Last fall, I was invited to give a talk to a group of breast cancer survivors known as the Firefly Sisterhood. Prior to the presentation I met with a very nice woman who was organizing it, also a survivor herself; of course, we got to talking about all things breast cancer related, including the current state of health care during a global pandemic. That topic included how difficult it had been for patients to schedule appointments and surgical procedures, including the operations related to breast cancer treatment and reconstruction. Stories of last minute cancellations and multiple delayed surgeries were almost the norm.
This got me thinking once again and reflecting back on that complex decision for any woman facing breast cancer: the surgical approach, and whether or not to reconstruct. While I recognize this is an entirely personal decision with no one right answer, I was surprised early on by how many people, including family, friends, and even doctors assumed I would want bilateral mastectomy with immediate reconstruction. I had to do a lot of research on my own to realize there was more than one option and that there was no cancer benefit to removing the opposite breast in absence of a genetic mutation. After I chose right simple mastectomy, some even went so far as to ask me when was I having my next operation. I didn’t even understand the question at first, until it dawned on me that again, the assumption was reconstruction. I tried to laugh and make light of it; “Well, hopefully never, actually, for me, I opted out of all that.”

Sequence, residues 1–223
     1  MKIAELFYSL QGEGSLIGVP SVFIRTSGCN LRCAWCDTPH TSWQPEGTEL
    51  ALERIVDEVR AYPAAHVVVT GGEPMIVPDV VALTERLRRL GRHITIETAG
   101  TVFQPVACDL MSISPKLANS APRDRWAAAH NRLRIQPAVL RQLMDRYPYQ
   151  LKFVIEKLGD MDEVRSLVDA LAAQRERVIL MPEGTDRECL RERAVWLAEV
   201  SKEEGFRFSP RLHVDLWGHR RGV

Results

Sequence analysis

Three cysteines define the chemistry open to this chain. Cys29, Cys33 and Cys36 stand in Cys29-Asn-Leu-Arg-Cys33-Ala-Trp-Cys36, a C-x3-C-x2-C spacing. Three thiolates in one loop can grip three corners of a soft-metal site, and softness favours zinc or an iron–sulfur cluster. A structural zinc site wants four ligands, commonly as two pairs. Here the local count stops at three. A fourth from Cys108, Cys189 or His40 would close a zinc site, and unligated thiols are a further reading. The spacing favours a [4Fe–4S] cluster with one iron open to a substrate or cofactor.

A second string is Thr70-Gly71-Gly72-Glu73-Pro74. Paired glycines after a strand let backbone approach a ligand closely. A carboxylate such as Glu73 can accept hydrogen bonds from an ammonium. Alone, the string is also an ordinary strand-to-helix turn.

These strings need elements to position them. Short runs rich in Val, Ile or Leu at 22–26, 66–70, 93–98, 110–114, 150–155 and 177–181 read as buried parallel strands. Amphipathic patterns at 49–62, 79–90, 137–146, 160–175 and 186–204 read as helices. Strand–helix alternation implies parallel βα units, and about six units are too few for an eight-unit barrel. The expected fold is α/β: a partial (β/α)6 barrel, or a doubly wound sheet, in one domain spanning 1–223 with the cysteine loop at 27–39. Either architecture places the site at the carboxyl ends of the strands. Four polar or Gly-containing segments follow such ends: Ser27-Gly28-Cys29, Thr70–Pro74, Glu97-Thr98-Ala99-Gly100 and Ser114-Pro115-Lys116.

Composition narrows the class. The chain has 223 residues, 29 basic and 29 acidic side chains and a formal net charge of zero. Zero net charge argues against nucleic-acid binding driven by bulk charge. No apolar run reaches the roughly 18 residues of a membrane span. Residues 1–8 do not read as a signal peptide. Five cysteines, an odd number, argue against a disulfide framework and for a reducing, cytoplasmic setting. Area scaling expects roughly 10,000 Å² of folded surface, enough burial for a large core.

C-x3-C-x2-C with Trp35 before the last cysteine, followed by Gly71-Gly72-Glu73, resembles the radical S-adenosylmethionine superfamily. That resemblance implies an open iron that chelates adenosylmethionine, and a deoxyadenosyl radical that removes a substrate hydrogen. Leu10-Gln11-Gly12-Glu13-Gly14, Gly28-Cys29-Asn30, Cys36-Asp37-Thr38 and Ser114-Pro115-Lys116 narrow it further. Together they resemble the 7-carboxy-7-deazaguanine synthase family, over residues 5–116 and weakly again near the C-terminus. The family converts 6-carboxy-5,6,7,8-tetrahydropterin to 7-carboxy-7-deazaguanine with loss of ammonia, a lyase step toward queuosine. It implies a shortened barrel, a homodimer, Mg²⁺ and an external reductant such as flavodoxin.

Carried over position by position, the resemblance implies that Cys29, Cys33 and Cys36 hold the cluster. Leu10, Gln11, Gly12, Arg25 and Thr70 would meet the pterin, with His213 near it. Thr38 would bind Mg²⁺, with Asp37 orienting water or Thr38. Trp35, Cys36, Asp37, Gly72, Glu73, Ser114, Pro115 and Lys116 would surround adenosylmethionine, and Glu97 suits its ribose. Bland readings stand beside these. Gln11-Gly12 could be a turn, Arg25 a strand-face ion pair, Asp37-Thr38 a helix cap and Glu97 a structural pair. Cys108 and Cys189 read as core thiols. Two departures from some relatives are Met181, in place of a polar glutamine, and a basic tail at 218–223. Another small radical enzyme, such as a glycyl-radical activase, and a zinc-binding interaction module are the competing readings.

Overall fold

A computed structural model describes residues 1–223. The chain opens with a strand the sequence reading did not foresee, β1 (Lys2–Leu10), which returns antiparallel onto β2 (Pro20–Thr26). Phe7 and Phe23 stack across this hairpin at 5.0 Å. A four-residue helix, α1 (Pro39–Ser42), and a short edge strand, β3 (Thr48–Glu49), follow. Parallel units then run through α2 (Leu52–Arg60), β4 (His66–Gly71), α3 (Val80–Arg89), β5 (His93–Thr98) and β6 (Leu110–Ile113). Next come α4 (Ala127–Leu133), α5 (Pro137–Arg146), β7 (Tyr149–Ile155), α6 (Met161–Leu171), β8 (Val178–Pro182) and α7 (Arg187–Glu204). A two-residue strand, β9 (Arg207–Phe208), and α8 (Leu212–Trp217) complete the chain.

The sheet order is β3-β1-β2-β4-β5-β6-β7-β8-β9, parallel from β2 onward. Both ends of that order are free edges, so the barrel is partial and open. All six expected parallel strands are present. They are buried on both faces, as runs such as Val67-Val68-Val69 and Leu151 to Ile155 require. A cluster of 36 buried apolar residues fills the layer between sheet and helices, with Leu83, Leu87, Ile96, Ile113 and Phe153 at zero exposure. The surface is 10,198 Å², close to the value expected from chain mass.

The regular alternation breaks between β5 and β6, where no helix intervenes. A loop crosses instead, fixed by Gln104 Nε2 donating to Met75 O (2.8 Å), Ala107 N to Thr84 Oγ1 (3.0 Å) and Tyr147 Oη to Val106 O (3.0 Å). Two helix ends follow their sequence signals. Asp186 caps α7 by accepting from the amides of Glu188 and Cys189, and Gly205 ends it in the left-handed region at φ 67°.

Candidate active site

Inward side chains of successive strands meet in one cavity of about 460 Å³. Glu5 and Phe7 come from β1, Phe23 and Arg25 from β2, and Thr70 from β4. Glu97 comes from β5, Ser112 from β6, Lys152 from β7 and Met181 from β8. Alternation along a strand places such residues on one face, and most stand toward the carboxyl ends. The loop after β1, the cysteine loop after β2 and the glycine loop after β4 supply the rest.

Yet it’s surprising how little we talk about the alternatives. When reading and gathering information on the internet, one would assume (very broadly speaking) that women who choose no reconstruction fall into two general categories: (1) Ultra feminist types: burn the bra! Who needs these things! Plastic surgeons are sexist! (2) Little old lady types: what’s the point, at my age, this old body is just falling apart anyway, no need to even keep up the pretense here. I had a harder time, honestly, because I fell into neither category. When I first paused, and pondered, I couldn’t articulate why I decided against it; it felt like a knee jerk, “not for me” type of gut reaction. And I stuck with that immediate response; I never even met with a plastic surgeon. But later on, with less anxiety, thinking it through, I believe there were really two reasons: (1) the end result and (2) avoiding unnecessary risk.